Griffin, Pace, and Tatum weren't the only Buckeyes recognized, as John Hicks was named to the second team offensive line, and Chris Spielman was one of the third team linebackers. The Cornhuskers and Buckeyes named to the teams made up over half of the 19 Big Ten players recognized, which was the most by a conference. The ACC had 15 players named to the anniversary team and the SEC had the third-most with 13 players recognized. The anniversary team was selected by nomination ballots sent out to FWAA members in the spring, with the final squad being compiled by the Blue Ribbon Committee, which was made up of past FWAA past presidents and current board members and officers. To be considered for inclusion on the anniversary team, a player had to be included on a past FWAA All-American team.

"Braxton Miller is one of the reasons that I came here. Most of the guys on the team were like, 'Man, I want to play with Braxton Miller one day.' Seeing him across the field, it's like, 'Man, this guy is really out here right now.'"

Ohio State linebacker Raekwon McMillan via Jeff Svoboda,

When Raekwon McMillan talks about one of the reasons he came to Ohio State, it might be a surprise that Braxton Miller was a big reason why McMillan decided to leave Georgia for Ohio. With McMillan playing on the defensive side of the football, it might seems a little odd that a guy playing quarterback factored into his decision. But a reason McMillan came to Ohio State is he wanted to be on the same team with one of the best players in the country to get to see just how electrifying Miller is in-person. After Miller was injured throughout McMillan's freshman year, the linebacker is finally getting to see Miller in action, but not exactly as he planned when he committed to Ohio State.

Playing on the same team as Miller was enough for McMillan to head to Ohio State, but he got an added bonus last year when he was given the No. 5 to wear, the same one as Miller at the time. McMillan wasn't planning on wearing No. 5 when he arrived at Ohio State, and even had Miller saying "What's up 5" prior to some games last year. For his final season in Columbus, Miller has switched to No. 1 and that wasn't the only change he made. With the switch to receiver, now McMillan will get the chance to try and tackle Miller during training camp and practices this year. With the talent both players possess, getting to lineup on opposites of the football in camp and practices, will only help to make them better as they both try to help Ohio State repeat as national champs.

"They love him in the weight room. He got an award this summer for maybe being the hardest working freshman. He loves to grind."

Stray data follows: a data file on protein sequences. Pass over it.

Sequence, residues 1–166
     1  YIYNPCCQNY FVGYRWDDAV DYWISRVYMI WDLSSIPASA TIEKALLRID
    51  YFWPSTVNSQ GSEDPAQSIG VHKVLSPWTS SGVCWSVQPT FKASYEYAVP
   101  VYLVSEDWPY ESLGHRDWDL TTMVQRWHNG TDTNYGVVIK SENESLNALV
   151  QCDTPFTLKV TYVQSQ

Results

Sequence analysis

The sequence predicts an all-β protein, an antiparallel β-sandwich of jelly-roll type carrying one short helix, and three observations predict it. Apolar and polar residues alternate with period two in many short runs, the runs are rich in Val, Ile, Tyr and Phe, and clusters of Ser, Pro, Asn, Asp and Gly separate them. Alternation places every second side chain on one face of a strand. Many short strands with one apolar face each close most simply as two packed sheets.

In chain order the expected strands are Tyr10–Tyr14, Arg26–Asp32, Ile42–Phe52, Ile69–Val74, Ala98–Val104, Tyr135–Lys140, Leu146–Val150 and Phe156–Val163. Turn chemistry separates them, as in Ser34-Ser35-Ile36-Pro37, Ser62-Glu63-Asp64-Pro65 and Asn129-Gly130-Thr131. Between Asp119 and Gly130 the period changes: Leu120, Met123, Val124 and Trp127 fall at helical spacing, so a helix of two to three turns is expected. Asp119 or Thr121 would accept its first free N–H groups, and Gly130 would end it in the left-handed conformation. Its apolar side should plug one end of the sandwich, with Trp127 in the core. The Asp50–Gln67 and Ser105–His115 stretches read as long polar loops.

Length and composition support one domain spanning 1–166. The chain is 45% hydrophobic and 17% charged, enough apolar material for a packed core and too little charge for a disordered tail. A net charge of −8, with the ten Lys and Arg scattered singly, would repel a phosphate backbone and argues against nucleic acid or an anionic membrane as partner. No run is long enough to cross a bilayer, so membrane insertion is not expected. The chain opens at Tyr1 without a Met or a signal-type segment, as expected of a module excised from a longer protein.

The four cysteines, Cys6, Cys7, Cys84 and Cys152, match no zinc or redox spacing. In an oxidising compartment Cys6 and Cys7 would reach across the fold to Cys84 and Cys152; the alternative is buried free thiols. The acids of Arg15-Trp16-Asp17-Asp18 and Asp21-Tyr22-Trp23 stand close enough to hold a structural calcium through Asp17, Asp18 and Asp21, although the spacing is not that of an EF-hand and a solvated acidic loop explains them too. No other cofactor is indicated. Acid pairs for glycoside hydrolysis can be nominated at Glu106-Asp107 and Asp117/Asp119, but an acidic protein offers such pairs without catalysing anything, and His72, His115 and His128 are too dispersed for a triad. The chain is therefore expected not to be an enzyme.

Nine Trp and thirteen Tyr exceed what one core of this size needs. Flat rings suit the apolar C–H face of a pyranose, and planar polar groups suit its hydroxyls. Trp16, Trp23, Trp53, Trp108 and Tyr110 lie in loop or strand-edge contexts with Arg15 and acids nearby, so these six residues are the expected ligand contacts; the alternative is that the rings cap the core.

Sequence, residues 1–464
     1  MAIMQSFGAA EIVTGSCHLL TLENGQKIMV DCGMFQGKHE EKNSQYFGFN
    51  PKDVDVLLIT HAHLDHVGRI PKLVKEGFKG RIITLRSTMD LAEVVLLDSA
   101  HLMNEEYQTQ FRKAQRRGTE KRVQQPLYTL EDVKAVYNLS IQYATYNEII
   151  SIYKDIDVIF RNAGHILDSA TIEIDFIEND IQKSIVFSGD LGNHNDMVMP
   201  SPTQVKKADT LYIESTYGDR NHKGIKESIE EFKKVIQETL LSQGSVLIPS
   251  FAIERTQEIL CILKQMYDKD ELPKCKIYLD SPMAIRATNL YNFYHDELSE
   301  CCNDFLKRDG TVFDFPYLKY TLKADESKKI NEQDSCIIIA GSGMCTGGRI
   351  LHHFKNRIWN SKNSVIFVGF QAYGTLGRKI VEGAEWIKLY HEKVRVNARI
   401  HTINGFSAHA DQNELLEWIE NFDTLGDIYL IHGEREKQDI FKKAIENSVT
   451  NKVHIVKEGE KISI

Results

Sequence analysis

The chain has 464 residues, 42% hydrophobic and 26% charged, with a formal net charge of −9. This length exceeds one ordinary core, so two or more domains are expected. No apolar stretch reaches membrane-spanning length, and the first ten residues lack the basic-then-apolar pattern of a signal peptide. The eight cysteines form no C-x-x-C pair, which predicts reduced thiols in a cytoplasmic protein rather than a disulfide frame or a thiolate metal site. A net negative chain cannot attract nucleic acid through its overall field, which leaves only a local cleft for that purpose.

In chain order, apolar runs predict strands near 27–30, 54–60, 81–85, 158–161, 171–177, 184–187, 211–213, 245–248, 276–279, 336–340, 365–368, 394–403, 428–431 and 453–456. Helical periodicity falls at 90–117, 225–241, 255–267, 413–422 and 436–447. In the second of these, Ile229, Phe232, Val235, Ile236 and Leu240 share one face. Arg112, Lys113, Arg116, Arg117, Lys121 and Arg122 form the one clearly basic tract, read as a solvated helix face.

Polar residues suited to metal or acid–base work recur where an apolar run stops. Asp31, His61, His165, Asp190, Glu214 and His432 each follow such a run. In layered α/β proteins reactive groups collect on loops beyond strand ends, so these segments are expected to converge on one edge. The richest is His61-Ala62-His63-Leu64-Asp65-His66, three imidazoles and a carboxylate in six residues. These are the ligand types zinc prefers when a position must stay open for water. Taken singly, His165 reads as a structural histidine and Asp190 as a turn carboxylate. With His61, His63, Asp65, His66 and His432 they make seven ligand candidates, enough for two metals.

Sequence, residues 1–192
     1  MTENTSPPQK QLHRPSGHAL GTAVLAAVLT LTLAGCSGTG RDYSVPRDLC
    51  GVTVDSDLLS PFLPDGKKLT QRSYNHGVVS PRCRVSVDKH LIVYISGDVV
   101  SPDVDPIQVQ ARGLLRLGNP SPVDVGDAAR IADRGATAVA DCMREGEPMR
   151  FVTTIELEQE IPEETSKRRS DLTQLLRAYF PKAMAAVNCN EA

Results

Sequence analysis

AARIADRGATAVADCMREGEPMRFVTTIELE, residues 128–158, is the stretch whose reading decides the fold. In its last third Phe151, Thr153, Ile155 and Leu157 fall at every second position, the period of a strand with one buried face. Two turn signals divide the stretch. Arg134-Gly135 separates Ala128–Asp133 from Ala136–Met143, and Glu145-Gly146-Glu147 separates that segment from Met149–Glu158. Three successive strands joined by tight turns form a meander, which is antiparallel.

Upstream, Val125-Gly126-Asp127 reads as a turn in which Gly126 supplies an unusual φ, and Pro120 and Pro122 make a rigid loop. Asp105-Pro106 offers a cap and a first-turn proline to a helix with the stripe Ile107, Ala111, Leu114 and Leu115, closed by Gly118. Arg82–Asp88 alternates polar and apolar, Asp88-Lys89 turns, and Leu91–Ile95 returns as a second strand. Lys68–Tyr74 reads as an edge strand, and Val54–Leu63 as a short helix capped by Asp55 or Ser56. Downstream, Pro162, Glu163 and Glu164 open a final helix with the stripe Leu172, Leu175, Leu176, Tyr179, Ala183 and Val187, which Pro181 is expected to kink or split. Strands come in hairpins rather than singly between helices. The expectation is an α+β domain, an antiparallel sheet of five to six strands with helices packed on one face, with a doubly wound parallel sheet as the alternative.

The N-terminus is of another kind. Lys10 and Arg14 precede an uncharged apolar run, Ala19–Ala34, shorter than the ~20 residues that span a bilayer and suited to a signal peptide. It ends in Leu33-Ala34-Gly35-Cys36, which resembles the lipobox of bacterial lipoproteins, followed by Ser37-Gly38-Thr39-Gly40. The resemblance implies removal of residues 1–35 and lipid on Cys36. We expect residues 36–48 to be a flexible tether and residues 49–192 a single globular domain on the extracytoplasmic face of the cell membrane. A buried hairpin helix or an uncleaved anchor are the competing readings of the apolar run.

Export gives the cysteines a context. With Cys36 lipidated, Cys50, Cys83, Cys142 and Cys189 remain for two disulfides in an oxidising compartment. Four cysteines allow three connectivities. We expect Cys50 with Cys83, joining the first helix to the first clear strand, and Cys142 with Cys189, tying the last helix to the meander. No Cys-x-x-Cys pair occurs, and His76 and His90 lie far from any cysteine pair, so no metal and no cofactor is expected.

Ohio State offensive line coach Ed Warinner on freshman Kevin Feder via Marcus Hartman,

Ohio State is set on the offensive line this year, with four starters returning, but the future is bright, especially with 6-foot-9 Kevin Feder in the fold. Not only is the true freshman already making waves with his height, but he is also impressing with his work ethic. Feder also has the luxury of working behind and learning from senior offensive lineman Taylor Decker. The true freshman knows just how beneficial being able to work with and watch the future NFL offensive lineman is for his own development. When considering Feder really only focused on football from his sophomore year at Don Bosco Prep in New Jersey, getting to learn from Decker should only help the enormous strides Feder has made as a lineman in just a few years.

A lot of the growth for Feder as a lineman can be attributed to his wrestling background, which helped his conditioning and the leverage he exhibits while blocking. Often times with taller offensive lineman, they can be susceptible to being beaten low by some of the faster defensive players. The wrestling background Feder has helps to neutralize some of the stereotype that offensive lineman can only be so tall before being ineffective at a point. It also doesn't hurt that Feder has been making a name for himself with his work in the weight room during his short time at Ohio State. While the Buckeyes don't figure to need Feder this year with the talent they have at offensive line, it will be very interesting to see what Feder can do in the near future.